Planning a move abroad to work in 2015? Don’t forget your healthcare, advises APRIL International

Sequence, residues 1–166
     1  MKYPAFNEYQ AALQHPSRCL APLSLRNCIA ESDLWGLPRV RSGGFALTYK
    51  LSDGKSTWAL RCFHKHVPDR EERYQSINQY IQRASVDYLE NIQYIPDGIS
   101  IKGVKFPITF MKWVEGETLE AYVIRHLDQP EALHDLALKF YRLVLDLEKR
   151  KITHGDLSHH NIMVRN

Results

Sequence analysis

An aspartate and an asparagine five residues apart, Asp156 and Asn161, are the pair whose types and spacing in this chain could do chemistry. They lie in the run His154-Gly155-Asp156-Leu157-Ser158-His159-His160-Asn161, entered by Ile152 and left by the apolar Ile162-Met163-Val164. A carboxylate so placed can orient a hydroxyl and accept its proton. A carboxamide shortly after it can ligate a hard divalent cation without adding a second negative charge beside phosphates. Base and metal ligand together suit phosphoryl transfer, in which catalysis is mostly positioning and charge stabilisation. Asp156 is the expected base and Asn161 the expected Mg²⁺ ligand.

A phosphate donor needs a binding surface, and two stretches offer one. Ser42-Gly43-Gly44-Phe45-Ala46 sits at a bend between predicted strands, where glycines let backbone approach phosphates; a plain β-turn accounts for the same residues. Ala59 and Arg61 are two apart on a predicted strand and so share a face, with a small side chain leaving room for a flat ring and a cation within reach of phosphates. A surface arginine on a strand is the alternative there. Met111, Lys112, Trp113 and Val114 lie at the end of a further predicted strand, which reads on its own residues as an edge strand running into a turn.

It’s that time of the year when planning for the New Year may well include planning a move abroad for those who are lucky enough to be able to build a career outside of the UK. According to MigrationWatch, in the year to June 2014, nearly 140,000 Britons chose to emigrate. Add in other nationalities which previously had settled or worked in the UK and the total rises to 323,000. Research amongst this group consistently shows around half move abroad without having first taken out international private medical insurance – an oversight some will come to regret, especially if that decision was based on a less than clear understanding of the risks and potential costs involved. Debbie Purser, managing director of APRIL International UK, the UK based provider which has been offering international private insurance cover to the business community for over 30 years said, “Very often, when we speak to people who are planning a move abroad, they are surprised by the cost of an annual premium, which can be in the low thousands of pounds. However, once we start to discuss this with them and they realise the cost of treating a minor accident such as a broken limb can easily run into the thousands too, that is usually enough to persuade a budding expat that planning and buying ahead pays off when it comes to expat health insurance. For the younger expat who is confident about their general health, voluntary excesses can be used to reduce premiums by up to 50%, which makes the peace of mind of cover readily affordable for most.” Bad luck can and does strike anywhere, as APRIL International UK points out with two recent examples of clients they have looked after. In the first case, an expatriate was booked in during January 2013 for an apparently routine umbilical hernia repair. However, shortly after the operation, she started suffering with pain, and various symptoms including oozing and discharge from the wound site. Around a week later, she was diagnosed with a post operation infection which was initially treated with a range of drugs and regular appointments, to ensure the wound was keep clean, with dressings changed regularly. By March, the infection was still present, so the she was readmitted for further surgery, which this time was successful. Total costs associated with all surgery and treatment is estimated at £11,800 In the second example given by APRIL International UK, even something as apparently everyday as back pain was shown to have significant financial implications. The client first contacted APRIL International UK in November 2013 complaining of persistent back pain. He was admitted for an MRI scan, with the specialists considering the possibility of a facet joint injection. These joints are a key part of the spine, which provide stability and help guide motion. The facet joints can become painful due to arthritis of the spine, a back injury or stress to the back. Eventually, the condition was successfully diagnosed less than a month later and a nerve root injection carried out. Total costs were nearly £32,000. Debbie Purser adds, “We know from our own research that it is often the case that only one in two expatriates has a suitable long term international private healthcare policy in place. Yet these cases illustrate clearly the fact that serious illness can strike anyone at any time and hospital medical costs can be considerable. At APRIL International UK, we will meet the cost of treating such illnesses and any subsequent rehabilitation, both today and into the future, giving clients immense peace of mind.”